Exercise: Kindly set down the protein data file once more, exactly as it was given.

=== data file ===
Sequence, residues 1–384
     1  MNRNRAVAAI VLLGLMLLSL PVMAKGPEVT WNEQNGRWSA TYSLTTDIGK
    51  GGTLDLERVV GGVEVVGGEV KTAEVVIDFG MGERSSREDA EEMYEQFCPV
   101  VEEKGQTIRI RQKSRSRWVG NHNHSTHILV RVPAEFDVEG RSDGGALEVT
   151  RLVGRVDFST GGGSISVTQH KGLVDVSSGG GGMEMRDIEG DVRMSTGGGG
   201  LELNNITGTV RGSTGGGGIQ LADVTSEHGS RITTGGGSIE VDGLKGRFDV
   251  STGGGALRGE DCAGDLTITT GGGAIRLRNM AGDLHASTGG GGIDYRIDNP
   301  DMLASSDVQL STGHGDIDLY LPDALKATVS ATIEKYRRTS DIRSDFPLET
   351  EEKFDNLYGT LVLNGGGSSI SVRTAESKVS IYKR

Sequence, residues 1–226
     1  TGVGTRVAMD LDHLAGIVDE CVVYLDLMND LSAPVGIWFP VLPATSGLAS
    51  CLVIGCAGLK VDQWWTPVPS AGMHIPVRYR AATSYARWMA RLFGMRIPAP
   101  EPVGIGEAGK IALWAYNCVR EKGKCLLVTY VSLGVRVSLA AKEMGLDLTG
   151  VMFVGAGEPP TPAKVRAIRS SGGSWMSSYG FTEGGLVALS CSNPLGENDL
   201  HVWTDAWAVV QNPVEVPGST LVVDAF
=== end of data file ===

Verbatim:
Sequence, residues 1–384
     1  MNRNRAVAAI VLLGLMLLSL PVMAKGPEVT WNEQNGRWSA TYSLTTDIGK
    51  GGTLDLERVV GGVEVVGGEV KTAEVVIDFG MGERSSREDA EEMYEQFCPV
   101  VEEKGQTIRI RQKSRSRWVG NHNHSTHILV RVPAEFDVEG RSDGGALEVT
   151  RLVGRVDFST GGGSISVTQH KGLVDVSSGG GGMEMRDIEG DVRMSTGGGG
   201  LELNNITGTV RGSTGGGGIQ LADVTSEHGS RITTGGGSIE VDGLKGRFDV
   251  STGGGALRGE DCAGDLTITT GGGAIRLRNM AGDLHASTGG GGIDYRIDNP
   301  DMLASSDVQL STGHGDIDLY LPDALKATVS ATIEKYRRTS DIRSDFPLET
   351  EEKFDNLYGT LVLNGGGSSI SVRTAESKVS IYKR

Sequence, residues 1–226
     1  TGVGTRVAMD LDHLAGIVDE CVVYLDLMND LSAPVGIWFP VLPATSGLAS
    51  CLVIGCAGLK VDQWWTPVPS AGMHIPVRYR AATSYARWMA RLFGMRIPAP
   101  EPVGIGEAGK IALWAYNCVR EKGKCLLVTY VSLGVRVSLA AKEMGLDLTG
   151  VMFVGAGEPP TPAKVRAIRS SGGSWMSSYG FTEGGLVALS CSNPLGENDL
   201  HVWTDAWAVV QNPVEVPGST LVVDAF